Home Run Baker

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Home Run Baker
Frank Baker.jpg
Third Baseman
Born: (1886-03-13)March 13, 1886
Trappe, Maryland
Died: June 28, 1963(1963-06-28) (aged 77)
Trappe, Maryland
Batted: LeftThrew: Right 
MLB debut
September 21, 1908 for the Philadelphia Athletics
Last MLB appearance
September 29, 1922 for the New York Yankees
Career statistics
Batting average    .307
Home runs    96
Runs batted in    987
Teams
Career highlights and awards
Member of the National
Empty Star.svg Empty Star.svg Empty Star.svg Baseball Hall of Fame Empty Star.svg Empty Star.svg Empty Star.svg
Induction    1955
Election Method    Veteran's Committee
 
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Home Run Baker
Frank Baker.jpg
Third Baseman
Born: (1886-03-13)March 13, 1886
Trappe, Maryland
Died: June 28, 1963(1963-06-28) (aged 77)
Trappe, Maryland
Batted: LeftThrew: Right 
MLB debut
September 21, 1908 for the Philadelphia Athletics
Last MLB appearance
September 29, 1922 for the New York Yankees
Career statistics
Batting average    .307
Home runs    96
Runs batted in    987
Teams
Career highlights and awards
Member of the National
Empty Star.svg Empty Star.svg Empty Star.svg Baseball Hall of Fame Empty Star.svg Empty Star.svg Empty Star.svg
Induction    1955
Election Method    Veteran's Committee

John Franklin "Home Run" Baker (March 13, 1886 – June 28, 1963) was an American third baseman in Major League Baseball from 1908 to 1922, and was elected to the Baseball Hall of Fame in 1955. As a member of the famed $100,000 infield, Baker helped the Philadelphia Athletics win the 1910, 1911 and 1913 World Series. His legacy has grown over the years, and he is regarded by many as the best third baseman of the pre-war era. During his 13 years as a Major League player, Baker never played a single inning at any position other than third base.

Contents

Professional career

Philadelphia Athletics

Home Run Baker

Baker was born in Trappe, Maryland,[1] was a butcher by trade, and broke into the major leagues in 1908 with the Athletics.

Baker, who led the American League in home runs in 1911, earned the nickname "Home Run" during the 1911 World Series in which he hit a go-ahead home run off Rube Marquard in Game 2, and a ninth-inning game-tying home run off Christy Mathewson in Game 3. His home run crown would be the first of four consecutive seasons leading the American League in home runs. He hit 11 home runs in 1911, 10 home runs in 1912, 12 home runs in 1913, and nine home runs in 1914. In two of those seasons he also led the American League in runs batted in.

In seven seasons with the A's he hit .321 with 48 home runs, 612 RBIs and 88 triples in 866 games played.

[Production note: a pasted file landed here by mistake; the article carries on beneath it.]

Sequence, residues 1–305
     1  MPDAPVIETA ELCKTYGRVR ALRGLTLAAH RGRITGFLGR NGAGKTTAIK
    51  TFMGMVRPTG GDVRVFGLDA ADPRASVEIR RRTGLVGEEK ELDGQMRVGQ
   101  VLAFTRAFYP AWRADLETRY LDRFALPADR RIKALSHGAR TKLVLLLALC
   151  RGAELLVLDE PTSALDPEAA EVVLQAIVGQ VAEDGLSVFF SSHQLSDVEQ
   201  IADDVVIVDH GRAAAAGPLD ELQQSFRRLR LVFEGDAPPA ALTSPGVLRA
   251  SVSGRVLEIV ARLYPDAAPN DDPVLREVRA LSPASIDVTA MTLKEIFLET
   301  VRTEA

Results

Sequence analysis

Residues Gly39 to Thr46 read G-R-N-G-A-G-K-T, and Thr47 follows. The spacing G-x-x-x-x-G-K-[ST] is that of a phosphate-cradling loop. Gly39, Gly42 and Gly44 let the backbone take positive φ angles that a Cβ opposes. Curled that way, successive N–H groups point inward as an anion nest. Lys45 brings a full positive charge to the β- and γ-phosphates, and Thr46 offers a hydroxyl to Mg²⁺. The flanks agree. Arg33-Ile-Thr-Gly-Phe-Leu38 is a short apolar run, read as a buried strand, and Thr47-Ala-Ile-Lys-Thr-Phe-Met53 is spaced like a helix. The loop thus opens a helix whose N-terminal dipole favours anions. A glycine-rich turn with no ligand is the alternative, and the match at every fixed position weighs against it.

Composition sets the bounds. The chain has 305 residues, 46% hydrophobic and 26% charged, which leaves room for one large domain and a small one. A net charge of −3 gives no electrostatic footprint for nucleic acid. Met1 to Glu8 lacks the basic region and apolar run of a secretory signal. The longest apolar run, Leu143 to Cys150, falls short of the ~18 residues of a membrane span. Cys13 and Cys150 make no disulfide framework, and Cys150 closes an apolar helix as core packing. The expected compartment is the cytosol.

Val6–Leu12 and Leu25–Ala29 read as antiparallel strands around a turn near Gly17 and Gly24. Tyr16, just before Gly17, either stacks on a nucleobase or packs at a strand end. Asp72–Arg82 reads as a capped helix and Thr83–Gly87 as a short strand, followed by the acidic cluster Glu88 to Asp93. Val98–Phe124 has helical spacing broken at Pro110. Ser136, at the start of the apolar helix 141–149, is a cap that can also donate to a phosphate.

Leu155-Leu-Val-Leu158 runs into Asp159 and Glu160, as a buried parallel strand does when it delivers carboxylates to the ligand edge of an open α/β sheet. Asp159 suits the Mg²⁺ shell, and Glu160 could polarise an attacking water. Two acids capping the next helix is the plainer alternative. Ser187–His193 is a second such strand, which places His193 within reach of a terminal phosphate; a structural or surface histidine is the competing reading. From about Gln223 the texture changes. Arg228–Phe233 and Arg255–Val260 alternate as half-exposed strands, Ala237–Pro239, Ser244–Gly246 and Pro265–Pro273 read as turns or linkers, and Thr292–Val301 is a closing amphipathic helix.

Baker played third base for the Athletics until 1915, when he sat out the entire season in a contract dispute with Connie Mack. He remained in baseball, playing for Upland, Pennsylvania in the semiprofessional Delaware County League.[2]

New York Yankees

Mack sold Baker's contract in 1916 to the New York Yankees, with whom he finished his career. He led the league in games played with 141 games in 1919

Initially, Baker retired in 1920, but came back to play two more seasons with the Yankees, seasons that took him to two more World Series. He finished his tenure with the Yankees with a .288 batting average, 48 home runs and 375 RBIs in 676 games.

Managerial career

Following his retirement, Baker managed for two seasons (19241925) in the Eastern Shore Baseball League, and was credited with discovering Jimmie Foxx and recommending him to Athletics manager Connie Mack.

Legacy

In addition to his 1955 election to the Baseball Hall of Fame, in 1981 Lawrence Ritter and Donald Honig included him in their book The 100 Greatest Baseball Players of All Time.

Home Run Baker was laid to rest in Easton, Maryland.

There is a statue of Home Run Baker in the southwest area of UMass-Amherst. It was erected by a University of Massachusetts student.

See also

References

  1. ^ "Baker, Frank". National Baseball Hall of Fame and Museum. Retrieved September 26, 2012. 
  2. ^ Lanctot, Neil (1994). Fair Dealing and Clean Playing: the Hilldale Club and the development of black professional baseball, 1910-1932. Jefferson, NC: McFarland. p. 11. ISBN 0-89950-988-6. 
    "Semiprofessional" may be a euphemism. Upland employed other major leaguers between 1915 and 1919 (including Baker's longtime teammate Chief Bender), and by 1919 the Delaware County League was declared an outlaw league by organized baseball.

External links

Preceded by
Jake Stahl
American League Home Run Champion
1911-1914
(1912 with Tris Speaker)
Succeeded by
Braggo Roth
Preceded by
Ty Cobb
American League RBI Champion
1912-1913
Succeeded by
Sam Crawford